- Get a better router. New, more expensive routers have different types of antennae that are meant to penetrate different types of material. Spend $80 or more.
- If you have a smartphone, run a speed test to see which is faster, your ISP or your mobile device. If it’s your mobile device use it as a hotspot. Switch back and forth as needed.
- If none of the items above work, look at the data coverage maps for each of the mobile providers in your area. Whichever one has the best data coverage, look at their current offering for mobile hotspots devices. Contact the provider to see if they can activate one you own over the internet/phone without a long-term contract. Then go on Ebay and buy a used hotspot. I’ve employed this strategy with a lot of success while supporting events out in the countryside.
TIP: Some hotels are offering rooms as work spaces for a reduced price if you are desperate.
8. Be Forgiving
The first thing we should all do is forgive ourselves.
Forgive yourself for not knowing how to do all this stuff. Forgive yourself for not being as productive as the moment seems to call for. Forgive yourself for gaining a few pounds. Forgive yourself for not doing a great job at homeschooling our kids.
I’ve been working remotely since 2010 and I still haven’t figured out all this stuff. One of the fun things (to me) about working remotely is that it’s always changing. It takes a healthy dose of humility to withstand the onslaught of changes. Most tech experts know that they are going to get schooled from time-to-time, because everything changes on a weekly basis.
Unfortunately, because of the coronavirus, everything is changing for everyone on a weekly basis. The best thing we can do is forgive ourselves for the many ways in which we will fail, and are failing. Then we can practice that same forgiveness with our peers.
9. Practice Sabbath
Just because it feels like we are always “on” doesn’t mean that we can’t set healthy boundaries.
Saturday is my Sabbath day, I don’t answer or respond to anything unless it’s an emergency. Aboundant keeps a google calendar just for tracking our staff’s typical working hours. This way we know when not to expect a response. I still get notifications on my Sabbath day, but I mark them all as “unread” and save them for later.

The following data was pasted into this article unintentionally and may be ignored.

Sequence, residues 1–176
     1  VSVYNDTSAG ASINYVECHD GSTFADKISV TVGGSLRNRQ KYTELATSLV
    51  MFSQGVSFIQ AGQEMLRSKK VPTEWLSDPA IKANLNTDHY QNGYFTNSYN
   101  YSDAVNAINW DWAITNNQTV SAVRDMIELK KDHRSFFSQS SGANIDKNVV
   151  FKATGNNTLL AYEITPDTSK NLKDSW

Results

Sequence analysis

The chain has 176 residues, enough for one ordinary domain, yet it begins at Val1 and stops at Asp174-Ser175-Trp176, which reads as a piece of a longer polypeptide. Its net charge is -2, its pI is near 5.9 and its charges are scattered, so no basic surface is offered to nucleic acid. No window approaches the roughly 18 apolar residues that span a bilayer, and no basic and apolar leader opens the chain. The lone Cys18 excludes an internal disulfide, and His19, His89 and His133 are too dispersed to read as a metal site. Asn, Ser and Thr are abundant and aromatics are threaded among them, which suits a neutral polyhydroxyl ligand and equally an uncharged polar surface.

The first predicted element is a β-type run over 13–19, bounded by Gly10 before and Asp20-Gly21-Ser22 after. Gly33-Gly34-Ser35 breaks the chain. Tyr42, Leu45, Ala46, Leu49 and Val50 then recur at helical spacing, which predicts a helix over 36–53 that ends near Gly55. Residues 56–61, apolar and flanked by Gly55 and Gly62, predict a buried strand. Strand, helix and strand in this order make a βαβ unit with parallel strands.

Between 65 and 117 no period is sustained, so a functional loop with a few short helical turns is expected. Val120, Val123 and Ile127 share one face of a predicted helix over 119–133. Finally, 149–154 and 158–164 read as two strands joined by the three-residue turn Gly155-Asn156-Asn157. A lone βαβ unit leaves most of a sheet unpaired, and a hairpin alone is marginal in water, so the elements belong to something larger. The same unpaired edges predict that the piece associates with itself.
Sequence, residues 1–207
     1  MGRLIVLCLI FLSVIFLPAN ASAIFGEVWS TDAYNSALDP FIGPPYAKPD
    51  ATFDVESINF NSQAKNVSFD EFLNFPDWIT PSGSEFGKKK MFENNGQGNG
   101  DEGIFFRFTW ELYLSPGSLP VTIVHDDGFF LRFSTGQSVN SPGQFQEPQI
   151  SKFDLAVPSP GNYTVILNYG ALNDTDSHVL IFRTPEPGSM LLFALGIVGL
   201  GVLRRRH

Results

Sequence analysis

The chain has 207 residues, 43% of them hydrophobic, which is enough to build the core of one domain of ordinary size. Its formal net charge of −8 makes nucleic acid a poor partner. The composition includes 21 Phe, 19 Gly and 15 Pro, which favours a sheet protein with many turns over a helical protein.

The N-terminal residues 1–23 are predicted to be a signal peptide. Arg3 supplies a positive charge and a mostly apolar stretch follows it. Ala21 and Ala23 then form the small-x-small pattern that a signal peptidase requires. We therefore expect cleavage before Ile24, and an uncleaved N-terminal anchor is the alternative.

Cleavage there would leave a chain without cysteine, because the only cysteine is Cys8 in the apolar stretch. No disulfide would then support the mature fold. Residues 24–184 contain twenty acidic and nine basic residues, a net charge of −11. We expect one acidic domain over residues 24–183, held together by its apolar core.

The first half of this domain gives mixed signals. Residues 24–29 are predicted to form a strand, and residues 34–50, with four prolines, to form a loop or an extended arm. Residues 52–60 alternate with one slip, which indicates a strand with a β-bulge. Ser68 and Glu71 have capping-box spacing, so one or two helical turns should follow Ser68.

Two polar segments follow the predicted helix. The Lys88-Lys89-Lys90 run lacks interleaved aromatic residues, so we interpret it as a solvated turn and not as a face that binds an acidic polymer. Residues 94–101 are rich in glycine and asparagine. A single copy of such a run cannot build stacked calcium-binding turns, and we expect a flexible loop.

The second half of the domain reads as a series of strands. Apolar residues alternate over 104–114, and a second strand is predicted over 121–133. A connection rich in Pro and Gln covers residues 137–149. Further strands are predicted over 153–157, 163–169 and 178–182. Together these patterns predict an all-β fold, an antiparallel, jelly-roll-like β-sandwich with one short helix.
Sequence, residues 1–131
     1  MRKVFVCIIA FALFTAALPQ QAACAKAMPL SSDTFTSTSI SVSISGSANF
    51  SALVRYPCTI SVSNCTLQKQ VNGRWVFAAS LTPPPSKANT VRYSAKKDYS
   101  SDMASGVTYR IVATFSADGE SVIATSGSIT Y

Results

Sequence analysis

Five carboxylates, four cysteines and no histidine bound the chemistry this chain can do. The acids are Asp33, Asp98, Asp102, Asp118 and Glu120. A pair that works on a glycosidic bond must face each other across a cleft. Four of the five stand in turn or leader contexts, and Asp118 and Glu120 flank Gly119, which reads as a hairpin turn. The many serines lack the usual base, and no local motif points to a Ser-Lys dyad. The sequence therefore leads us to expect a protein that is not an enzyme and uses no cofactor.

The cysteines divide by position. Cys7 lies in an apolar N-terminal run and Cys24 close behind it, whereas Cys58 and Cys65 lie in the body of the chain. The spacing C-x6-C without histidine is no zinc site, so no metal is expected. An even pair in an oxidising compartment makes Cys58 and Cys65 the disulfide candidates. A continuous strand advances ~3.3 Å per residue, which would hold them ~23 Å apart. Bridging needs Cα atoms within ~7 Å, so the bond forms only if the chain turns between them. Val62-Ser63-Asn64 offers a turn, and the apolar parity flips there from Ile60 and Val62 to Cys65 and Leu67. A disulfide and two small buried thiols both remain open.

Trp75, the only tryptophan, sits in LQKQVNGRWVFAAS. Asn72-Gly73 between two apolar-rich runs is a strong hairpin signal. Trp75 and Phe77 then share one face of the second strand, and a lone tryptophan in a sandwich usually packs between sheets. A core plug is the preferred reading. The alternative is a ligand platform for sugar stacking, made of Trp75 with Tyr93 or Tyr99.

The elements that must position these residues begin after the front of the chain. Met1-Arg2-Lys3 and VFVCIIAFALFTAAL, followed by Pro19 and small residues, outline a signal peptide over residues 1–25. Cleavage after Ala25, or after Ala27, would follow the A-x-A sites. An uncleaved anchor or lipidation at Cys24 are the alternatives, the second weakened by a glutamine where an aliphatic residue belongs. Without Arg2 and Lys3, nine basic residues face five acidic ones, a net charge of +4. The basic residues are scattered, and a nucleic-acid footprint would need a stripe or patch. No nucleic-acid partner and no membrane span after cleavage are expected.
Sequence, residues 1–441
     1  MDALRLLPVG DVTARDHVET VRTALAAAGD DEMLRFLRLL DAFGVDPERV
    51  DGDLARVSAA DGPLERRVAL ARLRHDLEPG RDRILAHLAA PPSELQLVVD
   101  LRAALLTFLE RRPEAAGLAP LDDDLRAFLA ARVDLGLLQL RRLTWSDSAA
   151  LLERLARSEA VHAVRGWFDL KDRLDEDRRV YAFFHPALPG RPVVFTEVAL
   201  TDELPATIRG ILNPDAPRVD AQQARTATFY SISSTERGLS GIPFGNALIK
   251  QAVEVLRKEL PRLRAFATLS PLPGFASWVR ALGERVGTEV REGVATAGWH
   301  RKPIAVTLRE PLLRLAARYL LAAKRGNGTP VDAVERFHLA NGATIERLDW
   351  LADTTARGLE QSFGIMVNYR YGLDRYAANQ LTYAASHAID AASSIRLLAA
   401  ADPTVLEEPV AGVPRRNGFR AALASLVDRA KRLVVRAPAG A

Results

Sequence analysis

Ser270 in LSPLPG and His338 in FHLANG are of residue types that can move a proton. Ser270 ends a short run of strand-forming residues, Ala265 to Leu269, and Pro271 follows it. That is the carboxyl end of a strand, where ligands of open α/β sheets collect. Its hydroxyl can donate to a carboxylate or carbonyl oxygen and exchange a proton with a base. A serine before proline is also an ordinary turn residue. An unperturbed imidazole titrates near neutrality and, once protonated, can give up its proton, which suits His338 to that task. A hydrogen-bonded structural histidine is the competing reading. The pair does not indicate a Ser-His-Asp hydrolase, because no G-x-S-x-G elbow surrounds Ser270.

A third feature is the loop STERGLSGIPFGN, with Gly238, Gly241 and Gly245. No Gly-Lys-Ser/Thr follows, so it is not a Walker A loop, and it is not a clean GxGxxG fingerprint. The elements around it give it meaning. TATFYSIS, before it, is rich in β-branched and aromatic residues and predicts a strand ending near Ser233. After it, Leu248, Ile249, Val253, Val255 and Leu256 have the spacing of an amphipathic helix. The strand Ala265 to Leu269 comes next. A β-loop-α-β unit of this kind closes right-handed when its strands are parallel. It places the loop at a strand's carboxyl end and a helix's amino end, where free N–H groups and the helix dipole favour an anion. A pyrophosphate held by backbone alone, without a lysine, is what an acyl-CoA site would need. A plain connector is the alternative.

10. Be Connected
The clergy I talked to listed a lack of connection as the number one issue they are facing.
I have a bit of good news on that front. I think that the more you adapt to remote culture, the more you will feel connected. Last night I attended my first online birthday party and have to say it was an absolute blast. We need to remember that there are huge companies that run 100% remotely, and in my experience, they have some of the coolest communities and cultures out there. Aboundant does make an annual efforts to meet in person, which I will miss, but we do pretty well in-between those times too.
The best piece of advice I can offer you is to video conference with folks, not because it’s for a program, but just for fun.
What about People that Don’t Have/Don’t Do Video Conferencing?
When we take the time to help people get connected to the internet and teach them how to use it, something amazing happens. They are being opened up to a whole new world of possibilities. There are countless stories of senior citizens whose lives have been made better just by getting to keep up with their grandkids on facebook. Sure, the internet has a lot of warts, but at this point it is a basic human right, and necessary for the dignity of all people. It’s necessary to fight racism and classism. It’s about time the church shows leadership in correcting this inequity.
If you just can’t get people online, fall back on calling and texting. If you want it to be social, be sure to use speakerphone on both ends.
TIP: If you know someone who can’t afford Internet Access, check out this resource or call your local ISPs and see if they are willing to help.
In closing, it took me six years to adopt some of these practices, it’s not going to happen for you overnight. My hope for you is that you can take one idea from this piece and adapt it into your own, newly forming, remote culture. In the meantime, may the Grace of God go before you, walk with you, and brace your stance, as you venture into this new, distributed world.